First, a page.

Record numbers of Americans describe themselves as "independents" and reject the conventional agendas of Left and Right. In this widely acclaimed book, Ted Halstead and Michael Lind explain why today's ideologies and institutions are so ill-suited to the Information Age, and offer a groundbreaking blueprint for updating all sectors of America society. Taking on partisans and experts on both sides of the political divide, they propose far-reaching reforms for the way we provide health and retirement security, collect taxes, organize elections, enforce civil rights, and educate our children.Twice before the United States has dramatically reconfigured itself, shifting from an agrarian to an industrial society after the Civil War and successfully adapting to the massive technological and demographic changes of the early twentieth century during the New Deal era. Uniting a sweeping historical vision with bold policy proposals, The Radical Center shows us how to reinvent our nation once again so that all Americans can reap the benefits of the Information Age.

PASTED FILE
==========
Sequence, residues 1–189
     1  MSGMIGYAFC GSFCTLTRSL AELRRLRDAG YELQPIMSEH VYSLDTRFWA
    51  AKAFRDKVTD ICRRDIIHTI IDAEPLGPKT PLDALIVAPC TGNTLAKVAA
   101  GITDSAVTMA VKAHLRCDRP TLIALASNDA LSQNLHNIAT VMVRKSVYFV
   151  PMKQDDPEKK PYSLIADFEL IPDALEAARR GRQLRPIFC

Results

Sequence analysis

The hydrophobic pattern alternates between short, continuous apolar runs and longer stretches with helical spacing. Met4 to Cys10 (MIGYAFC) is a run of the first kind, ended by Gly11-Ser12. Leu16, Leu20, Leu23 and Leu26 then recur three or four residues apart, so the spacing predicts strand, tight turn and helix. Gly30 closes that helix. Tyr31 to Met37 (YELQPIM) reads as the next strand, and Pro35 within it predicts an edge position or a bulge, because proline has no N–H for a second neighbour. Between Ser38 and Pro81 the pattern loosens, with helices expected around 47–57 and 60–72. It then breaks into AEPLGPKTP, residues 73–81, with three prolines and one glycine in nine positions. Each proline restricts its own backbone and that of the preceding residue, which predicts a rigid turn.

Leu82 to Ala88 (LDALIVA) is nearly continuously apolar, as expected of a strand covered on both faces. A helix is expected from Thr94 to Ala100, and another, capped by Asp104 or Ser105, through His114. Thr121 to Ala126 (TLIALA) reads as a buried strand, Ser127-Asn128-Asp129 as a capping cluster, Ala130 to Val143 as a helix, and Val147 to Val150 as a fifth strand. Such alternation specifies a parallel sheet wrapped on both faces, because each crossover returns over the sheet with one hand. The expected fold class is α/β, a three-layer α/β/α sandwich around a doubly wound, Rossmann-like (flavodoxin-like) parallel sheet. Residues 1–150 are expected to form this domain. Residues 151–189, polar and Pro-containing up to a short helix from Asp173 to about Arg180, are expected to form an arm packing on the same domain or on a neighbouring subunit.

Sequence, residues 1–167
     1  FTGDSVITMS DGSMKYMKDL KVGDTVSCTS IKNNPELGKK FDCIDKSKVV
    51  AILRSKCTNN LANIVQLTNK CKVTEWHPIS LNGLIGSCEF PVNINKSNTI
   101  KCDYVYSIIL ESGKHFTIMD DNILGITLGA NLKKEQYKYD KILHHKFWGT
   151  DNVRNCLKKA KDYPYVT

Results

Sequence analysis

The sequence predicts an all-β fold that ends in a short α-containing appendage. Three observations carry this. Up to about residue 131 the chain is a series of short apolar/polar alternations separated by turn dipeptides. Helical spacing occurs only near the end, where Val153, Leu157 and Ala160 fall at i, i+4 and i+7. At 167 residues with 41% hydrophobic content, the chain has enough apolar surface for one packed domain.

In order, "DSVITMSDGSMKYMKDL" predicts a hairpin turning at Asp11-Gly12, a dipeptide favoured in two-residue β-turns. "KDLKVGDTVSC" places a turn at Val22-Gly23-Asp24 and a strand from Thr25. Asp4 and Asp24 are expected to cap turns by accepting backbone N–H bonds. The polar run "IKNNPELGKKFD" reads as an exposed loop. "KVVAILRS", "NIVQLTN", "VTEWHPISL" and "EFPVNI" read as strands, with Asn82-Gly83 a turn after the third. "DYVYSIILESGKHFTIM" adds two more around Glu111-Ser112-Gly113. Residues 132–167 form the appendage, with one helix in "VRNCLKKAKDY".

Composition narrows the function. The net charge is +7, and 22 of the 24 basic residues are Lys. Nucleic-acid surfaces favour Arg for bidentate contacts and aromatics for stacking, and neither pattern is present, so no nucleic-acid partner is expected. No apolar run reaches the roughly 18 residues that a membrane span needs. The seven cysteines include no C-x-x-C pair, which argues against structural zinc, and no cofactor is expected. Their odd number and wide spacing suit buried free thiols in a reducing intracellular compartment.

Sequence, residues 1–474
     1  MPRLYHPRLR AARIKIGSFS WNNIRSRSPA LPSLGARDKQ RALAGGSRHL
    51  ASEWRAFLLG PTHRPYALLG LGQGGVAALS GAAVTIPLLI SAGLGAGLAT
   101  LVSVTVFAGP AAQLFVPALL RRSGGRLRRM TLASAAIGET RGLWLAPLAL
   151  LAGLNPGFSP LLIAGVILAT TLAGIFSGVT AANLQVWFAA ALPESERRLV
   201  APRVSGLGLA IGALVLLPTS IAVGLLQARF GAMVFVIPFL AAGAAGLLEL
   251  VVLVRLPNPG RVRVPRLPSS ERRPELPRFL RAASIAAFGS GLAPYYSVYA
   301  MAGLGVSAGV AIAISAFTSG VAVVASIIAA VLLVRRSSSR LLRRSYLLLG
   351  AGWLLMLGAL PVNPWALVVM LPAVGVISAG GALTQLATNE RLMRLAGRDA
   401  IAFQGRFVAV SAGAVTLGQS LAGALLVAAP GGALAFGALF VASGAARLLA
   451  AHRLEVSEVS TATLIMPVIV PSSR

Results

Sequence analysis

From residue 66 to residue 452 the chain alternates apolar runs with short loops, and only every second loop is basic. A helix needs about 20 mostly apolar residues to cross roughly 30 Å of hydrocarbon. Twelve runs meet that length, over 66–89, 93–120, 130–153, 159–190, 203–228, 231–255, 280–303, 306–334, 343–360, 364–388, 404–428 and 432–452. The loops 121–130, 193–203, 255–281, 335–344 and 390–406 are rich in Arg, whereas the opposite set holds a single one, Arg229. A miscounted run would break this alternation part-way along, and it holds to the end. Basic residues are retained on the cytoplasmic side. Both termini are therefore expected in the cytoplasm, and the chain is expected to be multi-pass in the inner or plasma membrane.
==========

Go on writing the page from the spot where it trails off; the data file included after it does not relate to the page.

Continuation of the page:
The U.S. is in crisis, contend Halstead and Lind (Vietnam: The Necessary War; etc.). While revolutions in information technology and biotechnology are fundamentally reshaping the American economy and society, the two major political parties remain stuck within old ideas and policies. More and more Americans have become alienated from the political status quo and yearn for change, say Halstead and Lind (director and senior fellow, respectively, of the think-tank New America Foundation). In this subtle, clear, and provocative work, they offer a comprehensive blueprint for such change. America has succeeded by adapting to new circumstances while maintaining, albeit imperfectly, a balance among its three constituent parts: the market, government and community. All of the authors' wide-ranging reforms aim at strengthening these spheres. If the new economy is typified by high turnover of employees, employer-based health insurance makes little sense. Better would be mandatory individually funded health insurance, with government provision for the truly needy. So, too, should Social Security be replaced by individual retirement accounts, as the graying of America makes the current generational transfer of funds more and more tenuous and contentious. To confront growing inequality in the U.S., the authors believe, all Americans should be given $6,000 at birth as a means of assuring true equal opportunity and a stake in the system; k-12 education should be funded equally on a per pupil basis by the federal government rather than relying on highly unequal property taxes or regressive state and local sales taxes. Politically, new electoral processes should open up the system to new parties and candidates. There is something here for everyone to cheer or jeer, but in carefully tying together their myriad reforms, the authors present a remarkably coherent vision for the renewal of America. Agent, Kris Dahl, ICM. (Sept. 18) Forecast: The authors will promote this book in N.Y. and D.C., and thanks to Lind's reputation as someone who defies the usual right-left split, it should get attention on the news talk shows and from the pundits. Copyright 2001 Cahners Business Information. -- PUBLISHERS WEEKLY.